Last month we discussed how increasingly strict standards for water quality led to the need to build a water treatment plant.
Because this would be extremely expensive for a very small system (as Draper Irrigation was in the early 60s), the company considered many ways to avoid building a plant. One approach would have been to sue the federal government for the right not to treat the water at all. Some very large water systems – such as the ones serving New York City and parts of California – do not treat their water; they simply make their watersheds off-limits to people, then chlorinate the water. However, the company decided not to pursue this option.
In 1970, the company received a loan for $577,000 from the Farmers’ Home Loan Administration and began construction at our site on Wasatch Boulevard, in what was then an unincorporated area high above Draper (it is now part of Sandy, and is above the Hidden Valley Golf Course).
The plant, completed in July 1971, used a flocculation and sedimentation process, which was state-of-the-art at the time. The plant was designed to treat 3.3 million gallons per day (MGD) using these steps:
- Flash mix: Add the chemicals that will be used in the process.
- Flocculation: Chemicals attach to impurities in the water and create flocs, which look somewhat like snowflakes.
- Sedimentation: Water is put into a basin, where the flocs (which contain the impurities) settle to the bottom.
This system was satisfactory for many years, but regulations for water quality continued to become more stringent. By the early 1990s, it became obvious that the existing treatment plant would need updating in order to meet the stricter water quality standards that would go into effect in 2002. In addition, with the ongoing growth in Draper, the company planned to double the capacity of the treatment plant.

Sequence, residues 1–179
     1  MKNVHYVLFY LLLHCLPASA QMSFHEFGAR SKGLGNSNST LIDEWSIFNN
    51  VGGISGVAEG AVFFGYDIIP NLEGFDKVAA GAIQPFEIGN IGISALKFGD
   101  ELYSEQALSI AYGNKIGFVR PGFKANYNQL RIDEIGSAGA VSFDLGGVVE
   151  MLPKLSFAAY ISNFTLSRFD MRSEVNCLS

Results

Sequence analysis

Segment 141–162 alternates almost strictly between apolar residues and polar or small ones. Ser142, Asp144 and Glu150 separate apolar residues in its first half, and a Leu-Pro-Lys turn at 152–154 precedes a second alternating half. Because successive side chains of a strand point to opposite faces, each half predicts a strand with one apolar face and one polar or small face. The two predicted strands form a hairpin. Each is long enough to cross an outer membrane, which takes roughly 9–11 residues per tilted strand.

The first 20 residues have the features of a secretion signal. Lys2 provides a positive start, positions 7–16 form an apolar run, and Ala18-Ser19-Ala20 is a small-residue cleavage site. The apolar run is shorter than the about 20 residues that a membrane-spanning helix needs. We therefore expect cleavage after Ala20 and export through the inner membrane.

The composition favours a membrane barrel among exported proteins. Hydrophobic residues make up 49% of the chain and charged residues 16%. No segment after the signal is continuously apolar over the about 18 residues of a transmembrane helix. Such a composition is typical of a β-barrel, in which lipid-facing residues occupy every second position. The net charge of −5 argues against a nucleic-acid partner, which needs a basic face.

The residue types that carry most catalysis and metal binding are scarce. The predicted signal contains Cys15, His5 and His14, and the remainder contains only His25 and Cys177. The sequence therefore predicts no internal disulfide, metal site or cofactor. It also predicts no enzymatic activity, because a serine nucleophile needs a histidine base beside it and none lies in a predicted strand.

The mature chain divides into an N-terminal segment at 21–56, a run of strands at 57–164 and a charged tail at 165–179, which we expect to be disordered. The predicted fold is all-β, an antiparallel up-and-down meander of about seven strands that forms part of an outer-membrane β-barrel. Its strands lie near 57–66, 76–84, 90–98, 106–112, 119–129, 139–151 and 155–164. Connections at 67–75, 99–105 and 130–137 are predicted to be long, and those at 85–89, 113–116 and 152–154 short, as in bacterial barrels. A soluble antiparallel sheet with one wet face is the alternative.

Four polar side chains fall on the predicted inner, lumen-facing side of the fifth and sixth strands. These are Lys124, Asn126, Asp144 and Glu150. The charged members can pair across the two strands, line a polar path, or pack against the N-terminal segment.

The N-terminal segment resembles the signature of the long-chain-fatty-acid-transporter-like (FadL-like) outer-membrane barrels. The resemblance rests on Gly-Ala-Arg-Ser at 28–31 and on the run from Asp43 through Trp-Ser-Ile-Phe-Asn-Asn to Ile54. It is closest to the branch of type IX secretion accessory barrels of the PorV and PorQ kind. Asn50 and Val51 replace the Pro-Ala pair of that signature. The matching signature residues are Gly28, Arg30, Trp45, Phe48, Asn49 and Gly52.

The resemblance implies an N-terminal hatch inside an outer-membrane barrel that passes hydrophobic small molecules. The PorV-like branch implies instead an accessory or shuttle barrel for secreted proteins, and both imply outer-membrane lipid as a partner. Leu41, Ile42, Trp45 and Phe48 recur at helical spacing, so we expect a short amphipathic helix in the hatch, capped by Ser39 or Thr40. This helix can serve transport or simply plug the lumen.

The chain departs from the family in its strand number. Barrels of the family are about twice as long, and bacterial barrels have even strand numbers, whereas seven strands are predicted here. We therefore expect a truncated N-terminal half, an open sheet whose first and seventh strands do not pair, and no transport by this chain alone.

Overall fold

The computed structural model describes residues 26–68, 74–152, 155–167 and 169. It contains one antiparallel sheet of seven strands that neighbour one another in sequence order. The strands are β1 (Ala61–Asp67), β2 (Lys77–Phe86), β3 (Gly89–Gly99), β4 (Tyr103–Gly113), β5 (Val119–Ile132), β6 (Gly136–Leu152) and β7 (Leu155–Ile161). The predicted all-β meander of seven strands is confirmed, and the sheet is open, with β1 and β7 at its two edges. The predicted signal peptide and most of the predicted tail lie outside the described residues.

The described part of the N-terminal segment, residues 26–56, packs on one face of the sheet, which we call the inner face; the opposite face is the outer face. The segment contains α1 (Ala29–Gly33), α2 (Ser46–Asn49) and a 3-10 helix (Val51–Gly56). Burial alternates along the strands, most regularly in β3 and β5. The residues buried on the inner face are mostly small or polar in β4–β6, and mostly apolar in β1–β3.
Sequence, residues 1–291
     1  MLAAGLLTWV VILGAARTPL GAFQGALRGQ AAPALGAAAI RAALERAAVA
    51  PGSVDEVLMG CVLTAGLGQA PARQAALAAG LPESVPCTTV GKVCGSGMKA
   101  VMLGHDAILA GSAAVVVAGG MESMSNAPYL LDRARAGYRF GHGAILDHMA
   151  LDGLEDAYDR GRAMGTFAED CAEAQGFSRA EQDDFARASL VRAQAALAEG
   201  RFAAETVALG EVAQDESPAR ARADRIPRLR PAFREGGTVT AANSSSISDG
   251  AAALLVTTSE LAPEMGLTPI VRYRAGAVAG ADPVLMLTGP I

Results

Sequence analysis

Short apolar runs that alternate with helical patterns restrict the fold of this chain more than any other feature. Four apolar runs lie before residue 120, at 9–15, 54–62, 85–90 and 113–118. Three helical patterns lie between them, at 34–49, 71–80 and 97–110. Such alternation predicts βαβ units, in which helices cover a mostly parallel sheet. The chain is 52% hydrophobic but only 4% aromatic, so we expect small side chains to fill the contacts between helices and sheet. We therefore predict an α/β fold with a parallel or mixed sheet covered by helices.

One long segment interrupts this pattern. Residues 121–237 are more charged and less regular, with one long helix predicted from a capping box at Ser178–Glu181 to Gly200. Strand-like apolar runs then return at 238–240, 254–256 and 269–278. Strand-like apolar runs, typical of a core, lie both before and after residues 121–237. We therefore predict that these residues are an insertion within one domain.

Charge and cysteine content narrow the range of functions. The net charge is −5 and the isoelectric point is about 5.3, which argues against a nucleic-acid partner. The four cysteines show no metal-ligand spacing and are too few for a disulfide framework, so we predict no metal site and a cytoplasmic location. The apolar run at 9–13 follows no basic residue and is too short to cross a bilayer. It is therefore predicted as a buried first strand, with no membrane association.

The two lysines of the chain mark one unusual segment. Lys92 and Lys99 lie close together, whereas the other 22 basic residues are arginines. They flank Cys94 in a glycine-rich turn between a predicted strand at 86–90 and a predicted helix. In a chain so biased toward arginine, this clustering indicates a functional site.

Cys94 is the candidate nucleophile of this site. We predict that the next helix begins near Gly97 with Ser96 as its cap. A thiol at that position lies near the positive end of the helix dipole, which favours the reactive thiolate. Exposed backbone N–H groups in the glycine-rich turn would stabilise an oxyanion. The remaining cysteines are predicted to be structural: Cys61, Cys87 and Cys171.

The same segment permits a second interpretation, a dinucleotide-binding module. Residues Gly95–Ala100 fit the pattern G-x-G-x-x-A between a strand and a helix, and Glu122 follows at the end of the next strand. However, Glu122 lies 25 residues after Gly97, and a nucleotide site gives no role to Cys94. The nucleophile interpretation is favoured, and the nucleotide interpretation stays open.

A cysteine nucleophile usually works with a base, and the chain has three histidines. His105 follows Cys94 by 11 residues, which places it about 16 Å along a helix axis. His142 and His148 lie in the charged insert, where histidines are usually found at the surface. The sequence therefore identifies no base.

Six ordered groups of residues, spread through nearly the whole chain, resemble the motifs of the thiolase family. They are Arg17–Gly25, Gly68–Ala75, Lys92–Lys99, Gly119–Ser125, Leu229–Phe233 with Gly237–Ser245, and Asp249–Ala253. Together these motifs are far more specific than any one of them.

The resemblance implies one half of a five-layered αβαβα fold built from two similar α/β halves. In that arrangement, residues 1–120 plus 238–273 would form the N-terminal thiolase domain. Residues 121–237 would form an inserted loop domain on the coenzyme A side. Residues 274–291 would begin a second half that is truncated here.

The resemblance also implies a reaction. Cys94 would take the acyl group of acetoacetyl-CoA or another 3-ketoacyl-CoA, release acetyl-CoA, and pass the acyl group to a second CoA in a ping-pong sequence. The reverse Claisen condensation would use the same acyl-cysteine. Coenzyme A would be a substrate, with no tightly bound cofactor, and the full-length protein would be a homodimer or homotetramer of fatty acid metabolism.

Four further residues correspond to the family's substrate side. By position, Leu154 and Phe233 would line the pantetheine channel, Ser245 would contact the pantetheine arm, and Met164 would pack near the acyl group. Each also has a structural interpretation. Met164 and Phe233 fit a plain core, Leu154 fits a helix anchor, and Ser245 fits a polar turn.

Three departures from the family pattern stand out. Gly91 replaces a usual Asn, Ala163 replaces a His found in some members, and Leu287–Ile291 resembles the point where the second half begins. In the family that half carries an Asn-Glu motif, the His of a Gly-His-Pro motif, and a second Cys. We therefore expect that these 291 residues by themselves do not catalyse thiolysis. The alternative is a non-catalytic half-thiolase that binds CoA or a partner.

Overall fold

The company investigated different membrane technologies for ultrafiltration of the water, and chose the Zeeweed® membranes offered by ZENON Corporation, now a part of GE Water and Process Technologies.
The updated treatment plant, which went into operation in April 2004, has the same footprint as the original 1971 plant, but can now process 6.6 MGD, more than twice the capacity of the old plant. Using the same technology in the same space, it would be possible to increase capacity further to over 9 MGD.
Even more importantly, the water that comes out of the revamped treatment plant is ten times cleaner than the water treated with the old flocculation and sedimentation method.
The new ultrafiltration processing requires much more electricity than the old method of treatment, so the company installed a hydroelectric generator at the same time. This generator provides much of the electricity needed to power the treatment plant.